It is no wonder that Machu Picchu is one of the Seven Wonders of the World. The name itself translated means "Old Mountain" and is often referred to as the Lost City of the Incas.
Machu Picchu made its debut in the National Geographic magazine in 1913. It is amazing to see the photos from an old Kodak camera in the hands of the man that found the ruins. (click the link below)
For centuries Machu Picchu was hidden to the world. In 1867 it is claimed that Antonio Rimondi discovered the ruins without actually understanding or knowing their significance. It would not be until 1911 when they would truly be discovered by history professor Hiram Bingham. Hiram went intentionally seeking the remains of the Inca Citadel or the Lost City of the Incas.
To start with the country of Peru to a tourist is seemingly very large, in part due to the fact that travel and the infrastructure of the country is not what we are used to experiencing here in the states. We flew from Lima to Cusco the day before our excursion, and spent 9.5 hours of travel the day of our sight seeing adventure for the pleasure of experiencing 3 hours at the ruins. Please understand it was worth it, but at the same time surprising.
Here, Sleepy and I are in the city of Aguas Calientes (now officially named Machu Picchu), which is the primary access point to Machu Picchu. We arrived in the city after a 30 minute bus ride to the train station, and a 3 1/2 hour train ride through the mountains. From this point we had another 30 minute bus ride to the site for admission to the ruins.
The site is was declared a World Heritage Site in 1983, and is protected as part of the National System of Protected Nartural Areas by the state. The site is aprox 32,592 hectares. 1 hectare = 2.47 acres. Suffice it to say, this space is expansive! Additionally, the Incas planned out the site down to the minute details that included elaborate irrigation and drainage systems, and over 600 terraces that were built to protect the city from sliding down the side of the mountain.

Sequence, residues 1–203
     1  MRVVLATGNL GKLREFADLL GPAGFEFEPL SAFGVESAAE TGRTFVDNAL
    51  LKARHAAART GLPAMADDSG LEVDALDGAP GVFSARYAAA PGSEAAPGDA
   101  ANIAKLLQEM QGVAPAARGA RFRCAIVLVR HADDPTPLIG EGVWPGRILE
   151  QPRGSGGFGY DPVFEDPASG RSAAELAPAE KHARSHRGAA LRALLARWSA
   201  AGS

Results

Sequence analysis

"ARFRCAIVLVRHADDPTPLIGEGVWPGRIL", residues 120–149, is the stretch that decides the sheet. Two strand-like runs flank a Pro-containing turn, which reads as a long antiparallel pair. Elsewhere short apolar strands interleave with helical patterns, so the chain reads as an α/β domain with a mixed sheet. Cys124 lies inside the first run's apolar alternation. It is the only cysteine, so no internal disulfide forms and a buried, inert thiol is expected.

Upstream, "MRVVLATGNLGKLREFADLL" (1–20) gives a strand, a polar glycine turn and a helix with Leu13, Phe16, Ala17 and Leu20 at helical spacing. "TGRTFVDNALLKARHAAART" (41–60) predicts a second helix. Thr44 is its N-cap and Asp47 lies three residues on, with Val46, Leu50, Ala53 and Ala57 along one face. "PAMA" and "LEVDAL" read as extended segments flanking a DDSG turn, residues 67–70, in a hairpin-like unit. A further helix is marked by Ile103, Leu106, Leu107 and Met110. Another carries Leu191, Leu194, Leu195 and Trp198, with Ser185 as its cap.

I believe what was most difficult for me to wrap my mind around was that it took between 50 & 70 years to construct the site, and each year it is estimated that 50,000 men worked on the project. Remember there are no steel tools, no wheels. Ropes and brute strength hauled, nudged, and cajoled massive boulders into place.
Each piece chiseled to fit snug against or on top of the previous piece. To this day the structure is still solid and even a needle can not penetrated through the cracks. Oh, and one more mind blowing piece of construction information, they used no mortar to hold these enormous and heavy boulders in place!
It is stated that this area was prepared for the king/emperor of the Inca's, King Pachacatec. He was the 9th emperor of the Incas. It is said that in 1450 roughly 300- 500 royalty lived in the current day Machu Picchu. It is astonishing to me that hundreds of thousands of men would have worked on this project and never lived to see it finished, potentially neither would some of their sons. Over the years following the death of the King, the city gradually fell away from everyone's official memory. Which is not be hard to comprehend, as there were not roads in place to traverse to the area. Only 169 human remains were found in the early 1900's and 68% of them were women and children remains once the site excavation began.
These rocks are said to be 250 million years old. History states that the rocks were formed as deep as 5-10 miles into the earth's crust. Because of the Andean uplift the rocks surfaced and were prime objects used for building materials. To stabilize these large rocks the Incas had to create elaborate terraces, walkways and platforms which lead to them creating the buildings and irrigations systems.